A few nights ago, C and I got together to catch up and catch up we did.  We had two major American elections to discuss!  As per usual, wine and food precipitated the discussion, and then the words just started flowing.  We discussed a variety of issues and came to a conclusion.  That a lot of so-called political issues today are not really political at all.  They are purely personal issues in which politicians have gotten involved and have complicated even more.  C and I did agree that the politicians seem to like it this way - keep issues screwed up and retain power.  We're not sure how to unpoliticize the issues, but that will surely be a topic for future discussions!

11 November 2010

A Summary of My First Week in Oslo - in Haiku*

Well we've been in Oslo for a week now and in lieu of writing a lengthy post of my experiences, I wrote the following Haikus.

Snow on ground today
Coats, hats, gloves, boots in transit
Freezing my a$$ off

Snoring, Snore, Snoring
Nowhere to hide from the noise
Where are the earplugs

Drill, drill baby, drill
Construction on our building
Sounds the same world wide

Left mine in DC
Need to find a running pal
Butt won't fit in pants

UAB is here
Temporary apartment
Where do boxes go

Please, please go to sleep
Jet lag messing with the kids
Mommy needs her rest

Just saw our new house
Holy awesome water view
Can't wait to move in

Crisp, clean smelling air
Smell of wood burning fire
Yes! A fire place

Fly economy
Adds insult to injury
Walking through first class

Meet his coworkers
Everyone was very nice
Think I'll like it here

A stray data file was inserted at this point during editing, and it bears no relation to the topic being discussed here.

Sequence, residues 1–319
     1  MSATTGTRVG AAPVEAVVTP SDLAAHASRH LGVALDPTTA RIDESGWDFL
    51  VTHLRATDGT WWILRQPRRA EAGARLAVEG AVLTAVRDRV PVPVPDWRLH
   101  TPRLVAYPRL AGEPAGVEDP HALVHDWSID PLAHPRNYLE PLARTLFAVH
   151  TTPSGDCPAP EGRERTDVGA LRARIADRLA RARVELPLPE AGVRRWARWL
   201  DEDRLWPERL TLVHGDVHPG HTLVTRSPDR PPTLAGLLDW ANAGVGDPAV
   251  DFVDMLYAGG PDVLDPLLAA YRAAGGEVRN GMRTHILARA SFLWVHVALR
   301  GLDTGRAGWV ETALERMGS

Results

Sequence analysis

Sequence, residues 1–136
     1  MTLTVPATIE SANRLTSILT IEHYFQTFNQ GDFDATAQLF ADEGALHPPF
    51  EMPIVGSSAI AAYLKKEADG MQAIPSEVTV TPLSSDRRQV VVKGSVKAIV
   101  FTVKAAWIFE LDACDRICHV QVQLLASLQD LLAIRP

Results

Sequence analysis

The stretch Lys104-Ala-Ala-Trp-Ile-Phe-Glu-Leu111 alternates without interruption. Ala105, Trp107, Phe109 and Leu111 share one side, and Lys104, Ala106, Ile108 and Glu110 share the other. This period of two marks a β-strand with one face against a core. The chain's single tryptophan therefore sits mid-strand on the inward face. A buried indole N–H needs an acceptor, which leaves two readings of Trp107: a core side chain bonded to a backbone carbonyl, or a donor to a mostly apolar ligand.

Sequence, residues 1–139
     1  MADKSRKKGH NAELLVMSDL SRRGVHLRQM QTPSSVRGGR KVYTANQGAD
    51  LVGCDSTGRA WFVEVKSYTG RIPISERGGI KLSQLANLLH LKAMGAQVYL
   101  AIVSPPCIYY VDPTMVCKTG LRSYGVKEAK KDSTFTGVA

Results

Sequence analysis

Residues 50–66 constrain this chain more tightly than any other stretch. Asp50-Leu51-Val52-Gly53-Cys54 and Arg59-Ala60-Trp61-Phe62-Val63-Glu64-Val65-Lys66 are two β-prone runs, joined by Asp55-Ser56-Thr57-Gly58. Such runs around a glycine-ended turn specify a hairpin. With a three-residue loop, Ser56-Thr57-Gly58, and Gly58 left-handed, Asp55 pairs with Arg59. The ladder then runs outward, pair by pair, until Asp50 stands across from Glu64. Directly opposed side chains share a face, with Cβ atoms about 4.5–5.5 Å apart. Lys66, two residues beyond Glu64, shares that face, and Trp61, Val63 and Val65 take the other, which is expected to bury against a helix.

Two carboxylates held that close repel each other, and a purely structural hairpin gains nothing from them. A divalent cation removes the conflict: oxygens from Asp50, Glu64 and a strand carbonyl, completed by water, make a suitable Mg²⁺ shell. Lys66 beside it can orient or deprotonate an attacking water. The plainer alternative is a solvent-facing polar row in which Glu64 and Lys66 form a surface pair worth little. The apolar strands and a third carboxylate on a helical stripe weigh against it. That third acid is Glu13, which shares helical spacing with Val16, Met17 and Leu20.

Smack dab middle seat
Big and tall in front of me
In my lap whole flight

Sponsors stocked our shelves
Flowers, food and even wine
We like the sponsors

Foreign appliance
Need a translator to use
Hope the things are clean

Friends around the world
Computers make this easy
Internet and Skype

What's the exchange rate
It is very expensive
Will lose weight quickly

Do you want a pet
Said in front of my Princess
All she talks about

Home school in new place
All sorts of new distractions
Time for vacation

Time to see old friends
Friendly faces on the ground
Camilla and Pam

PFF to leave
First business trip of this post
Two full days on ground

Mommy, Mommy, MOM
Electronic sitter gone
Where is the TV

Thank a Vet today
Sacrifice and suffering
Include their loved ones

I want a bunny
Perseverating on this
This has got to stop

Shut down on Sundays
Reminds me of good old days
Spend time with family

*I got the Haiku idea from Jan at oglesandobservations.wordpress.com.  Loved your Haikus Jan and Happy Birthday!

08 November 2010

Happy Birthday or Gratulerer med dagen!

Birthdays were such a big deal for me when I was younger.  Approaching 10 was probably the biggest deal because I was going to be two-digits!  Then there was the Sweet 16, then 21, and then it didn't seem to matter as much any more.  The year I turned 30 I was also finishing graduate school and planning a wedding, so the birthday kind of just came and went.  The year I turned 40 I didn't want anything to mark the occasion, so my mom and I did the Avon Two-Day Breast Cancer Walk and had an awesome time.

But that is me.  Fourteen years ago it stopped being about me, and 11 years ago it stopped being about us.  We had The Boy.  Princess followed shortly thereafter (a whole lot shorter than I had "planned"), and now we have birthdays again.  In the US birthdays for kids are amazing.  Amazing in an "I can't believe you paid $XXXXX for a kids' birthday party!" sort of way.  The Boy and Princess, however, don't think about birthdays that way.  They are firm believers in the more-is-more theory for birthday parties.  PFF, The Boy, Princess and I reached a compromise - a big, at-home party when they turned five and then a birthday dinner and a friend thereafter.